Sunday, November 28

Decision on the future of the Wellington landfill at a ‘critical point’

Wellington City Council is outlining its options for disposing of the city’s future garbage.

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Consents for the city’s landfill, the South Landfill in Happy Valley, expire in April 2026.

Four options, prepared by engineering firms BECA and Fichtner, include investing in: a waste incinerator, expanding recycling sorting capabilities, a treatment to dry and reduce biological material, or expanding the existing landfill.

A fifth option presented by councilors is to “not dump in landfills”, that is, to allow the landfill to close when their authorizations expire.

The extension of the sanitary landfill is the preferred solution for city council officials.

At City Council meeting agenda document prepared by officers, the extension is described as the most profitable.

Technology options are not easily scalable and are not alternatives to landfills alone.

The extension is on a smaller scale, fitting within the limits of the existing landfill, than a controversial 2019 option that would have expanded the tip hundreds of meters from Zealandia wildlife sanctuary.

And time is running out.

The agenda describes being at a “tipping point” with the “shortest viable time frame to design and implement the future waste disposal facility” before the consents expire.

Council officials recommend starting the design and consent process for the landfill extension immediately.

Councilors will vote next Thursday on what options to bring to the public for comment.

It is unclear if the options will require rate increases.

The council’s current approach to waste requires a landfill to remove sewage sludge; the sludge must be mixed with solid household waste.

The council has already voted to invest in alternative wastewater disposal technology, which should be ready by 2026 and would remove 20 percent of waste going to landfill.

Funding for waste minimization, such as curbside recycling, is economically dependent on revenue from the landfill.

A separate roadmap for waste reduction that the city is working on indicates that it could cut volumes going to the southern landfill in half over the next 15 years.

The council is committed to becoming zero carbon and reducing the amount of waste going to landfill per resident per year from 600kg to 400kg by 2026.

The options

Energy from waste (estimate $ 214 million to build, $ 15 million a year to run. By-product: 25 percent)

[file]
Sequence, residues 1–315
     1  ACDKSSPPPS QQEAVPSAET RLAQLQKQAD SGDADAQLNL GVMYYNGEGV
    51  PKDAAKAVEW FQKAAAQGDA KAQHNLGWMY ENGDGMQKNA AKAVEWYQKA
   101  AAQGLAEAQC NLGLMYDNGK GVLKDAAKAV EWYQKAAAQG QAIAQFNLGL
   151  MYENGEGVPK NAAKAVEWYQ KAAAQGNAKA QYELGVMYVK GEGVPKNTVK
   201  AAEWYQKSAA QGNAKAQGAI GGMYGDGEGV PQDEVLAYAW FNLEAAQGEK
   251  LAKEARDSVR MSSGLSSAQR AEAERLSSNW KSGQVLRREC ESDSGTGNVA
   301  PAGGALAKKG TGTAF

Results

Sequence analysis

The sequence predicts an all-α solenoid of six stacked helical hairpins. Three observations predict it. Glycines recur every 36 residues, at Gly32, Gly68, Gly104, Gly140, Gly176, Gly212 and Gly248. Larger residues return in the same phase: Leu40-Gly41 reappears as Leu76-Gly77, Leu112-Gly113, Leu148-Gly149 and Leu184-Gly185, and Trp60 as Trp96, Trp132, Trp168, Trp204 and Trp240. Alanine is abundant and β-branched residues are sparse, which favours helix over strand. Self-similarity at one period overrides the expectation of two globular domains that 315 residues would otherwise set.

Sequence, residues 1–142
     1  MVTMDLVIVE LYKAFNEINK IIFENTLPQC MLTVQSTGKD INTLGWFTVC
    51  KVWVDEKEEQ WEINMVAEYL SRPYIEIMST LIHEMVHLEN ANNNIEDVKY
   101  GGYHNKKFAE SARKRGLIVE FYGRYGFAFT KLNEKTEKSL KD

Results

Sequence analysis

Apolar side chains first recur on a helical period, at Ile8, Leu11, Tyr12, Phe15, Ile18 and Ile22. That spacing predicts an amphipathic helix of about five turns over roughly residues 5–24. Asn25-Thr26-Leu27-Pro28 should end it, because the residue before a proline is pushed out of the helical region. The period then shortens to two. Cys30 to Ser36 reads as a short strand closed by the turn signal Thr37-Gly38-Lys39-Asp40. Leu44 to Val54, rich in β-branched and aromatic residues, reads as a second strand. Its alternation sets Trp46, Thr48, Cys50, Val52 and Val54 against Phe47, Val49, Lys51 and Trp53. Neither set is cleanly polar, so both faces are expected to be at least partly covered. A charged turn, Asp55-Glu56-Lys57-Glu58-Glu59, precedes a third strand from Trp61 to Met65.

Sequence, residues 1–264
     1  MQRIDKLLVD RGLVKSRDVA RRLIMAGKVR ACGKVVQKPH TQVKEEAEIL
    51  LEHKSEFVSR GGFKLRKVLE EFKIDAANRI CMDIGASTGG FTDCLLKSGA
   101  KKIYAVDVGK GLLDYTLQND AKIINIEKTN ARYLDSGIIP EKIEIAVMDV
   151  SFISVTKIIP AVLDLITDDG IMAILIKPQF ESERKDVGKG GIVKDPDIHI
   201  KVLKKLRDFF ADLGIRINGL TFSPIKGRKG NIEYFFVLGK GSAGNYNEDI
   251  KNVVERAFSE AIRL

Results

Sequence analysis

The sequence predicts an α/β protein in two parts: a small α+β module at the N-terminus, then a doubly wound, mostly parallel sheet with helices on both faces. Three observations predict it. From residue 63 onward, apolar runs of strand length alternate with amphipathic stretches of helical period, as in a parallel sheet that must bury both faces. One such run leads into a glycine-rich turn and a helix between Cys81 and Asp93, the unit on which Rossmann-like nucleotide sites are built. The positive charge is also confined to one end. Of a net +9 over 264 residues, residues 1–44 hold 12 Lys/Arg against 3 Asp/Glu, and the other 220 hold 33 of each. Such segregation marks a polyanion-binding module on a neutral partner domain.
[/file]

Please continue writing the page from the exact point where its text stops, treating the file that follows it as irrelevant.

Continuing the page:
It burns the waste and uses the generated heat to produce electricity. Part of the ash produced can be used as a building material. The hot flue gases are treated to remove any contaminants.

Materials recycling plant (estimate of $ 43 million to build, $ 27 million a year to operate. By-product: 85 percent)

It takes a combination of waste materials and sorts them into different recyclable material streams. Leftover non-recyclable material can be sent to landfill or energy from waste.

Mechanical treatment of biological waste (estimate of $ 78 million to build, $ 24 million a year to execute. By-product: 65 percent)

Similar to the materials recycling facility, but with an additional biological treatment step, such as bio-drying, composting, or anaerobic digestion. This material is then classified as in the material recycling facility.

Expansion of the existing landfill (estimate of $ 57 million to build, $ 4 million a year to execute. By-product: -)

The remodel of an existing landfill and is known as the ‘piggyback option’. In this scenario, the waste would be placed on top of a previously dismantled landfill stage. It would give the South Landfill an additional 15-20 year useful life, even longer as waste minimization policies take effect.

‘No landfill’ (loss of revenue collected from $ 17 million tip per year, rates of 2.5 percent likely to increase to cover curbside recycling and other waste reduction initiatives).

This option implies closing the South Sanitary Landfill when consent is exhausted in 2026 and converting it into a reserve or similar. Residual waste from the City of Wellington should be disposed of at other landfills in the region, for example in Porirua or Upper Hutt.

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